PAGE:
AppWatch: Money-handling apps for your personal budget

Watch your expenditure with these nifty applications

There's less than a month to the end of the financial year, which means it's time to start getting your loans, expenses and other money concerns in order. This week, Computerworld Australia brings to you four apps that will help you keep track of your expenditure.

iPhone - Jumsoft Money by Jumsoft

Cost: Free

Jumsoft Money is a free app based on Money for Macintosh released in 2003. The program is simple and easy to use, with a fairly streamlined interface and can handle multiple accounts at any given time. Expenditures are easy to input, but each expenditure has to be keyed in separately, with no repeating transactions. The app also has a smart reporting feature, which allows users to set up a budget and pinpoints areas for improvement when exceeded.

If you do own a copy of the original Money program for Apple, the iPhone can synchronise data with it. Jumsoft Money has some problems handling foreign currencies though, and requires constant internet connectivity to work for some strange reason.

Pros: Pretty interface, easy to use, handles multiple accounts Cons: No password protection, requires internet connection, iffy with foreign currencies

iPhone - iXpenselt by FYI Mobileware Inc.

Cost: $5.99

iXpenselt is an extremely popular daily expense tracking and montly budgeting app. It's password protected, so anyone who gets your iPhone won't be able to access your data. The program is rife with several nifty features in expenditure input - users can take pictures of receipts and tie them in with entries, program the phone for repeat transactions and keep track of travel distances for company reimbursement. The reporting features are also equally as nifty, presenting data in the form of graphs or pie charts across a variety of parameters.

Expense records can also be exported by email in formats that are easily exportable to spreadsheets. The app even comes with its own budget-setting features. iXpenselt does have its drawbacks, however, as upgrades for the program can sometimes randomly delete data, so everything has to be backed up before upgrading. It also only allows for one category and type per entry, which might irritate some users.

Pros: Password protected, easy to use, multiple-parameter reporting, budget-setting features Cons: Random deletion of data, no sub-categories, only one type per entry

Android - EasyMoney by Handy Apps

Cost: $9.99

EasyMoney is password protected, allows users to set a monthly budget, produce interactive reports and graphs, and ties photographs of receipts with entries. It's also capable of handling multiple currencies and supports transfers between accounts; a very nifty feature for frequent flyers.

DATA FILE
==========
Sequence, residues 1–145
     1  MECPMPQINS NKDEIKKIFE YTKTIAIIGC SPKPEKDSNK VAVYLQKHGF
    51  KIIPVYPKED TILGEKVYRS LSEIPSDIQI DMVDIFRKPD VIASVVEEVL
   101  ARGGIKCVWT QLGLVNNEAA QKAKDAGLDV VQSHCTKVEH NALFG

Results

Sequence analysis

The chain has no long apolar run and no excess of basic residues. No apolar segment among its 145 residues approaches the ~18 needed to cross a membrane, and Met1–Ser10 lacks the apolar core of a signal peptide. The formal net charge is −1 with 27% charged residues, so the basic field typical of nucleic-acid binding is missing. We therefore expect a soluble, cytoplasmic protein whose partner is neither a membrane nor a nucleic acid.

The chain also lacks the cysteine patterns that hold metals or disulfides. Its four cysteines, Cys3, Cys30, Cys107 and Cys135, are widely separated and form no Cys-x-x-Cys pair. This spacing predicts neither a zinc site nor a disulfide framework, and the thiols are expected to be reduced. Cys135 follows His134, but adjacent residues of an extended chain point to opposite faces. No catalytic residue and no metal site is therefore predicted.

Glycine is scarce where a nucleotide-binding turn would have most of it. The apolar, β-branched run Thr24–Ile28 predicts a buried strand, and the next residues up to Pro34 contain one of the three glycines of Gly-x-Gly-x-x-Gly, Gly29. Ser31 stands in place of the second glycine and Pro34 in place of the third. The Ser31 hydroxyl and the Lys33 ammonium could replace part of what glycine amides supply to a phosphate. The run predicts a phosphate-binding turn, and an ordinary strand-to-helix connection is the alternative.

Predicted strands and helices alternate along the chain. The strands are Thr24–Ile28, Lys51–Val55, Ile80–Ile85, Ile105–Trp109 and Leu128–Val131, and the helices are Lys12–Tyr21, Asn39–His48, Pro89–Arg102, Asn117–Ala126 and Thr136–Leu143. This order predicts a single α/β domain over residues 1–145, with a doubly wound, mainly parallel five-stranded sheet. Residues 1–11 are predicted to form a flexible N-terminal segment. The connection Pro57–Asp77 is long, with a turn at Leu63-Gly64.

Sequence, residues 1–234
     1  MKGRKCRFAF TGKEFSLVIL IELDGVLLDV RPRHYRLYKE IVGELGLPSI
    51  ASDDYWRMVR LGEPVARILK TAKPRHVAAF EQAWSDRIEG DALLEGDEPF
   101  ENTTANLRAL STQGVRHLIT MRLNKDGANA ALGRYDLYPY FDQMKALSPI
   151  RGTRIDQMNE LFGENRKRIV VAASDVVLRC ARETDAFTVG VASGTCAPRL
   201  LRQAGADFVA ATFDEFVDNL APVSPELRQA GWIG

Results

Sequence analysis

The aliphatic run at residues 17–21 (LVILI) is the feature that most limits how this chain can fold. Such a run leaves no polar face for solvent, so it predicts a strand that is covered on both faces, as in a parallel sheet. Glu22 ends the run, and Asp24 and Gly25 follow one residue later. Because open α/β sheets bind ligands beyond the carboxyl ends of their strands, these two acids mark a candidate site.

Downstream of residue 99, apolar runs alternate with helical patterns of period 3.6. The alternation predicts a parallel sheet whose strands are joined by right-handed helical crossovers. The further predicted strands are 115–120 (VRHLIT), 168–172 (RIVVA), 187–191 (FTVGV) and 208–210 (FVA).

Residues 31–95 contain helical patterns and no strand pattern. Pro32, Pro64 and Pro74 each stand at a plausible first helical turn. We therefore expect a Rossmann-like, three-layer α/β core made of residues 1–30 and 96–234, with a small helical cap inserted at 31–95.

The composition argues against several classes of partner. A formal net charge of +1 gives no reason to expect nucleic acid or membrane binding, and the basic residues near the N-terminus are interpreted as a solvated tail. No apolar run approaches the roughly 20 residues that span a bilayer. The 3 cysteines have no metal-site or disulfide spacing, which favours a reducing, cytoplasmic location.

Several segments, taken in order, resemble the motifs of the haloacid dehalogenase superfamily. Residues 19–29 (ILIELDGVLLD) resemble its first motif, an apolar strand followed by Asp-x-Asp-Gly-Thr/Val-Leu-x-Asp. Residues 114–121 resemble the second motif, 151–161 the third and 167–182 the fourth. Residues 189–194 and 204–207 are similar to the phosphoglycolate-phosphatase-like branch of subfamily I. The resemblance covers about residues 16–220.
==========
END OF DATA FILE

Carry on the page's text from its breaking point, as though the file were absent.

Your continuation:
The app keeps track of invoice deadlines, sending notifications to its user when bills are due. Input is made easier by the ability to import and export data as a .csv file and also through a handy little homescreen widget. While Easy Money does do a good job of keeping track of finances, it does also have the unfortunate habit of crashing randomly, which can be completely infuriating when in the middle of examining one's accounts. It's so clever that it only displays projected balances based on expenditure trends, but does not display current cash "in pocket".

Pros: Password protected, homescreen widget, multiple currencies, exportable information Cons: Random crashing, does not display current balances

BlackBerry - SplashMoney Personal Finance by SplashData

Cost: $9.99

SplashMoney has an auto-fill feature which is very handy for quick expenditure input and can support most common bank account types. The app supports multiple currencies, offers budget creation and reporting as well as a nifty reminder feature for payment of upcoming invoices.

SplashMoney is also able to connect to online banking portals, which can be a little bit invasive, but is fairly handy in the long run. Unfortunately, the program also seems to be a port of a similar program for the PalmOS, which means that it hasn't been fully configured for the tiny BlackBerry screen and presents reports and graphs in eye-straino-vision. It can only display ten categories at a time, making overscrolling a major flaw. Still, it's one of the few useful personal finance programs and it also comes with free desktop software, which easily synchronises with the BlackBerry.

Pros: Invoice reminders, double entry accounting, access to online banking Cons: Difficult to read tiny display

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